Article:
Why media is central to unfolding at IEBC
Friday, June 18th, 2021 00:00 | 3 mins read
There are interesting activities going on at the Independent Electoral and Boundaries Commission (IEBC).
A lot of attention is on the current process of filling the vacant positions left when four former commissioners resigned in a huff.
Slightly under 700 people applied for the positions and the interview panel has shortlisted 36 individuals to fight it out for the slots.
The public is going to pay a lot of attention to the recruitment process. There will be interest in gender and regional balance of the successful candidates. But some will be looking at the political leaning of the candidates.
However, the chairman of the Commission, Wafula Chebukati, has been making some news on his own.
His announcement this week, regarding servers that the IEBC is going to keep in the coming elections, and who is going to be allowed to access them, is important.
Dispute around the location and access to servers was at the centre of the 2007, 2013 and the last General Election.
It became a running joke as to the location of the servers in France and who could access them.
The importance of Chebukati’s announcement is that he is giving a commitment that journalists will be allowed access to this database and be allowed to report the results from the locations where the tallying will have been conducted.
The announcement gives journalists a huge responsibility to play a critical role in the electoral process. The question is whether journalists will be ready to play this role.
The elections of 2007 showcased the mucky sea that is Kenyan elections, and how media can be sucked into it.
Media houses had been tallying the results when at some point they uniformly reported that their own systems including servers had collapsed.
It is still hard to understand how the systems in all the media houses in Kenya behaved uniformly by collapsing one after the other, at the very critical moment of tallying and relaying the results.
The matter was never resolved whether it was a plan by media houses or a systems failure of technology.
What Chebukati is thus saying is to give this system a chance again,a to test if it would work. A lot has changed since 2007 and the media landscape is different.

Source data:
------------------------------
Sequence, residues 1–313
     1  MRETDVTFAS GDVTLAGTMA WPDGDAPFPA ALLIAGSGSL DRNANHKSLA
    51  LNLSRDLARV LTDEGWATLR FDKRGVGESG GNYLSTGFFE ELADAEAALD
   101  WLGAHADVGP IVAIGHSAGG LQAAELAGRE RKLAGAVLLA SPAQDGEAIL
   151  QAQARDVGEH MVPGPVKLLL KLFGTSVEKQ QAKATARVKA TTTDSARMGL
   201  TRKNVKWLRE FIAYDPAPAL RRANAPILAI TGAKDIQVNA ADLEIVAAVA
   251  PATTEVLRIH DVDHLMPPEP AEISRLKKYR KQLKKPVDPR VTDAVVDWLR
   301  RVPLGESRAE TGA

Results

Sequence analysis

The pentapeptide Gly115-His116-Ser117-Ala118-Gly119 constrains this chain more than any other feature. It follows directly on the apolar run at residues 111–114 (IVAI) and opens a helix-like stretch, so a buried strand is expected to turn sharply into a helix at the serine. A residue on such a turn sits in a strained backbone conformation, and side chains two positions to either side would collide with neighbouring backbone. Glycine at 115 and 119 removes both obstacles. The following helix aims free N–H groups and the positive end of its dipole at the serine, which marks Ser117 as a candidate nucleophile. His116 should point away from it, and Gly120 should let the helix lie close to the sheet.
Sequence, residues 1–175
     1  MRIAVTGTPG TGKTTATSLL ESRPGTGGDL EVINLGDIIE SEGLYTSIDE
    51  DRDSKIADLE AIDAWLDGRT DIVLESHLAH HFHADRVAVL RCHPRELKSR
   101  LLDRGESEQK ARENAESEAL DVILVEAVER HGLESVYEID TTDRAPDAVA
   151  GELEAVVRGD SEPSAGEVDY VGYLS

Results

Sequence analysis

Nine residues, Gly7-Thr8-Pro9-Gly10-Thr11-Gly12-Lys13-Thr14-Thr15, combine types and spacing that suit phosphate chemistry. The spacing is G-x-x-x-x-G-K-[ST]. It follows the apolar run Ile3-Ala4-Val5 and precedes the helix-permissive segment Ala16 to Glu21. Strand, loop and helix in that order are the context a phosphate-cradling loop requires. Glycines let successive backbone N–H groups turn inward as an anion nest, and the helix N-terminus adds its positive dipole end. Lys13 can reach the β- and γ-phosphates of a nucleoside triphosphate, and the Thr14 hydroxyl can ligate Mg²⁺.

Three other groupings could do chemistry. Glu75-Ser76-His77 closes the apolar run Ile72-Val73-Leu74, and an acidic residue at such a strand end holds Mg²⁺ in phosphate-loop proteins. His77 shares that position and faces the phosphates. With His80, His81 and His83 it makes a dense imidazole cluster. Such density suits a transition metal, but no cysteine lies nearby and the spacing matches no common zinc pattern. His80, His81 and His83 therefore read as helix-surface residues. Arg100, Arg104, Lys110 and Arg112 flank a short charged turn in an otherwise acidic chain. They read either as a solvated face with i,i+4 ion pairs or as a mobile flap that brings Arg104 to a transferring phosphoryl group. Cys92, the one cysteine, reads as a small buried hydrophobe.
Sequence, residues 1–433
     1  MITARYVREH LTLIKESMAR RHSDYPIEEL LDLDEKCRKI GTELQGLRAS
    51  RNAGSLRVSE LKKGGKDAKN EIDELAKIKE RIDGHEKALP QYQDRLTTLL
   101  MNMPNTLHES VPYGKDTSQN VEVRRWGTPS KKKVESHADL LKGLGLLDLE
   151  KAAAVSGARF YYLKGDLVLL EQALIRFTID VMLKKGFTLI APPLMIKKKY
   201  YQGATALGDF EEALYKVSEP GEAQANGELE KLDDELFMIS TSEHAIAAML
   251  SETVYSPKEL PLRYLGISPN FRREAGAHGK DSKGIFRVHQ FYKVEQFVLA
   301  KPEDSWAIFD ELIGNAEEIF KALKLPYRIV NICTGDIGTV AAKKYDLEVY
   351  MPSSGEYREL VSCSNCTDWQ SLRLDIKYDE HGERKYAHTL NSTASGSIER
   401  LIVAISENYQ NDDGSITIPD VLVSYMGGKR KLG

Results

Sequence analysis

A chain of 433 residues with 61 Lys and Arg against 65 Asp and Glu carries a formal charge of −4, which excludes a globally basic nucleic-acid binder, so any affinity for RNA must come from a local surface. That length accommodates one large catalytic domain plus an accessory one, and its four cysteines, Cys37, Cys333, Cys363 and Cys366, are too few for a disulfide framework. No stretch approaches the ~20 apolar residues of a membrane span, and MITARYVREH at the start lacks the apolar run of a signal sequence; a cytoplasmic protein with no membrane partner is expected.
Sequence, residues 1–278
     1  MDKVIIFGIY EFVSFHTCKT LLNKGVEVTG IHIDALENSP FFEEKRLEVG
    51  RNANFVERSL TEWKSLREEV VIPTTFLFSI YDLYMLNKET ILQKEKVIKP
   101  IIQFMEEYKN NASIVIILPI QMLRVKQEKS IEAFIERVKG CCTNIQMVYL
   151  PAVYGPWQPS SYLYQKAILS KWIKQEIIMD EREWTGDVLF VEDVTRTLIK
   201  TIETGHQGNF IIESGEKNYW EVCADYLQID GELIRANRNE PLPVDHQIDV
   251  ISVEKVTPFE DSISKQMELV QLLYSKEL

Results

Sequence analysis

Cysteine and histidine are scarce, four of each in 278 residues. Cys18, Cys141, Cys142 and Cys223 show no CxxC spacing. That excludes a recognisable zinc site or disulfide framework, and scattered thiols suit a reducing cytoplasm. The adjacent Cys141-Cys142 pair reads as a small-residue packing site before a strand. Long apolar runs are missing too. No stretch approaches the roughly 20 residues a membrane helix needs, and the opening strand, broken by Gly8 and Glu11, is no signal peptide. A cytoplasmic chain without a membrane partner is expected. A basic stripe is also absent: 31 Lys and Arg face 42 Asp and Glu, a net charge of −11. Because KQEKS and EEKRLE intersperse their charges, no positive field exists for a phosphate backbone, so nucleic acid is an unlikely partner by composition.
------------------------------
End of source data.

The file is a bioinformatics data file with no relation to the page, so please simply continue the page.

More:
The sector has shrunk following massive layoffs and reduced expenditure. What is the capacity of media today compared to 2007?
The kind of reporting that Chebukati is referring to, would of course require that journalists have data reporting skills; that they are able to understand numbers and what those numbers mean.
Secondly, they would be required to have some understanding of technology and how systems work, to enable them have some basic knowledge of the back end of the system and appreciate the processes going on if they are to report with knowledge.
But there is something else that this would require,it is the soft skill of honesty, patience and operating above ethnic loyalty to report accurately on the results.
The path that IEBC is embarking on will require huge investment by media houses and the IEBC, to enable their team of reporters be ready to cover the polls.
The challenge is to mobilise resources for the assignment of this magnitude. Most of the reporters with experience from 2007, have since either retired or moved on, following the massive restructuring exercises that have taken place since then.
Even then, those that may have experience from the past era must also be disabused from the untidiness of the 2007 systematic collapsing of the machines.
Yet, if this is successfully done, it would bring the much needed confidence in our electoral systems and even to the Kenyan media.
The media have let Kenyans down in the past, with such warning ahead of time, they ought to do better and restore some of that confidence. —The writer is dean, School of Communication, Daystar University